Candidates get chance to take stand on issues

Published 5:00 am Wednesday, October 8, 2003

With the general election just over four weeks away, localcandidates are moving into the final stretch in their respectiveraces. From Justice Court Judge to the House of Representativeswith offices in between, we have important races that will affectthe daily lives of the citizens of this area.

The DAILY LEADER staff has identified six of those races that wefeel deserve additional attention to help voters make decisions inthese final weeks. As we did prior to the primary election inAugust, we will again be publishing the results of questionnaireswe sent to candidates in the Lincoln County Sheriff, Lincoln CountySupervisors, House District 53 and District 92 races.

Our hope is that readers will be able to use these responses tohelp them make a more informed decision on Election Day.

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Each of the candidates has been sent a questionnaire bycertified mail. We asked the candidates to return their responsesby October 10. We will begin a series of stories on the individualraces the following week.

Questions submitted to the candidates are as follows:


1. The property tax levy for Lincoln County operations went up1.59 mills to 39.89 with the new budget year on October 1. What canyou do to ensure that the county’s needs are met while spending iskept under control?

2. Why should the citizens of your district entrust thesupervisor’s job to you?


1. What are the top three problem areas for Lincoln County lawenforcement, and how do you plan to address them?

2. Why should the voters of Lincoln County entrust you with thecounty’s top law enforcement job?


1. During a special legislative session in 2002, lawmakersenacted tort reform measures in an effort to improve the state’slegal climate and its reputation for “jackpot justice.” Many nowsay the legislation is not strong enough. What, if anything, wouldyou do to strengthen tort reform?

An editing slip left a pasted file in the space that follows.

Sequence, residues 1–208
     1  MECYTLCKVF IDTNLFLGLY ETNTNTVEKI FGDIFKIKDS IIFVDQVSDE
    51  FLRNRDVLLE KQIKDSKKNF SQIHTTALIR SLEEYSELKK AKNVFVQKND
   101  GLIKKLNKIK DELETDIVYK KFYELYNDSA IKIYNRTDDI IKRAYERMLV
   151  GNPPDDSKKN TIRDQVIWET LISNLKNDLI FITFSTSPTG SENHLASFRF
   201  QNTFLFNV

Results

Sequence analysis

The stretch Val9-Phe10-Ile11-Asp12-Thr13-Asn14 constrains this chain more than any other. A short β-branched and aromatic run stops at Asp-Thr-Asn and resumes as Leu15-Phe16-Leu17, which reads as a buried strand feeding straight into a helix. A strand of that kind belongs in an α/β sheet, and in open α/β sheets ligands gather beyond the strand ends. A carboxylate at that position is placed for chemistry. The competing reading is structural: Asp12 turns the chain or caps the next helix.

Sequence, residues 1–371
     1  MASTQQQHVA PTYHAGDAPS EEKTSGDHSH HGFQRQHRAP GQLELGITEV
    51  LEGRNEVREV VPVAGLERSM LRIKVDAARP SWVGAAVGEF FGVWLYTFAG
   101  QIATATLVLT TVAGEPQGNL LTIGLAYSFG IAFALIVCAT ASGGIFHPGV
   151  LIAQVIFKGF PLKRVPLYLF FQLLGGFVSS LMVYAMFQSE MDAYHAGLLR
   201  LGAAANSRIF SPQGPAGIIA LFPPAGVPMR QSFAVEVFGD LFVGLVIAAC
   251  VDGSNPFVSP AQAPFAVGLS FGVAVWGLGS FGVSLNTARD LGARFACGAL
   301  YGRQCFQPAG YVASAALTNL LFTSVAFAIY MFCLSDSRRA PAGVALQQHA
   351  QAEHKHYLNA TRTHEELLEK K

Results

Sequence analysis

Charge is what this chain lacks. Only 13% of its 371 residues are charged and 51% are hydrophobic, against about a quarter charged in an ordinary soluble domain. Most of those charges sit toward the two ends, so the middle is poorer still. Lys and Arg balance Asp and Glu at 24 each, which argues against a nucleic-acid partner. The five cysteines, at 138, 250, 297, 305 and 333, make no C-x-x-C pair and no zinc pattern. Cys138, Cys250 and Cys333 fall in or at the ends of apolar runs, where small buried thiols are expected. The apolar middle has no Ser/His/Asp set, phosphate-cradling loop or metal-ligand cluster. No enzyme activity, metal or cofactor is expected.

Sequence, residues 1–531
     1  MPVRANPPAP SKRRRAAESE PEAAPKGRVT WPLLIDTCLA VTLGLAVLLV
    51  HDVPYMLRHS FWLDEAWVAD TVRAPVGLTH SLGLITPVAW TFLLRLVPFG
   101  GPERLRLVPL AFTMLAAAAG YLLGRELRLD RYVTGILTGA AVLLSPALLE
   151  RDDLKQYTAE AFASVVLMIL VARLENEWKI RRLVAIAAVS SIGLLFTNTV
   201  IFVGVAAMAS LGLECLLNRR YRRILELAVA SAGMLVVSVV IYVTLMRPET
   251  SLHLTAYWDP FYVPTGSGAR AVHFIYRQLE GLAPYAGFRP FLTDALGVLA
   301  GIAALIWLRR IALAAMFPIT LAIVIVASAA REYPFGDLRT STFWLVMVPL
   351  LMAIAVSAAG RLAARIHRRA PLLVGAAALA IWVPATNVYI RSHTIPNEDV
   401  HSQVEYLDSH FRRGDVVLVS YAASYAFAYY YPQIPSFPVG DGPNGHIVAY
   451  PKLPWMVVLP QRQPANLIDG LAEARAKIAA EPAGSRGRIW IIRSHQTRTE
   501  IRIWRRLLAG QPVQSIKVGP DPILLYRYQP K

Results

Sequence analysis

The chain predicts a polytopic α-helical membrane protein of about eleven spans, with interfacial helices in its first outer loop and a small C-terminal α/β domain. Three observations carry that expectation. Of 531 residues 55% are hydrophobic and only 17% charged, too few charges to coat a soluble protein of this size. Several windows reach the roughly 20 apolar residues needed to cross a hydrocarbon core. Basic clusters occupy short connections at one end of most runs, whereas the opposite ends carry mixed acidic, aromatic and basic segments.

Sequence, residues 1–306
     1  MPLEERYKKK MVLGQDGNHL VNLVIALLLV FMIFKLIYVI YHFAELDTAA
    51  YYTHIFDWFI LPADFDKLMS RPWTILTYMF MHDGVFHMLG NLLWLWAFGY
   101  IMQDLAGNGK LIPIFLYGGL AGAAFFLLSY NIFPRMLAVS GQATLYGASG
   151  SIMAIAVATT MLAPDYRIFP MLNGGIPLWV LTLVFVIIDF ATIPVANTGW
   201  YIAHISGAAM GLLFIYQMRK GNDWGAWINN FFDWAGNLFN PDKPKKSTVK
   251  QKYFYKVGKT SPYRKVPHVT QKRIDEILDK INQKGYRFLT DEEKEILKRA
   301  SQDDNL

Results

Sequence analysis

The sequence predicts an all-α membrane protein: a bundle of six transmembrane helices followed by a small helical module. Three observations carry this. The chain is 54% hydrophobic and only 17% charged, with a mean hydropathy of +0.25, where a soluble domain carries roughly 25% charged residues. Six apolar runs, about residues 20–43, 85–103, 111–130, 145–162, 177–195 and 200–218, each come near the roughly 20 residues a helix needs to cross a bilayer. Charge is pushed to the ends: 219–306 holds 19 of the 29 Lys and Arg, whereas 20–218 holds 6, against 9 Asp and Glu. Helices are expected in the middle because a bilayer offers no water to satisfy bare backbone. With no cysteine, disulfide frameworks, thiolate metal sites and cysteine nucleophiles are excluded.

2. The state’s “truth in sentencing” law requires all inmates toserve at least 85 percent of their sentence before becomingeligible for parole. Since its enactment in 1994, the budget foroperating the state’s prison system has more than doubled. PrisonCommissioner Christopher Epps recently urged the legislature torevise the “truth in sentencing” law so it would not apply tofirst-time or non-violent offenders. Do you agree? Why or whynot?

As you can see these are not difficult questions, but they arequestions that might be of interest to voters who are undecided orjust not sure how a candidate stands on different issues.

It is our hope that as you see the candidates over the next fewweeks you will ask them about their responses on these and otherissues. These are very important elected positions and you, ascitizens, deserve to know how each of the candidates thinks. Ifthey fail to respond, you might want to ask them why.

With Mississippi now officially a two-party state, and in manycases with a full slate of Democrat and Republican candidates, onequestion that continually pops up at election time is whethervoters can vote for a particularly party’s candidate if the voterdid not vote in that party’s primary election? The answer is yes.The November 4 General Election allows voters to vote for anycandidate, regardless of party affiliation.

The general election is on Tuesday, November 4. Please be sureto vote.

Write to Bill Jacobs at P.O. Box 551, Brookhaven, Miss.39602, or send e-mail to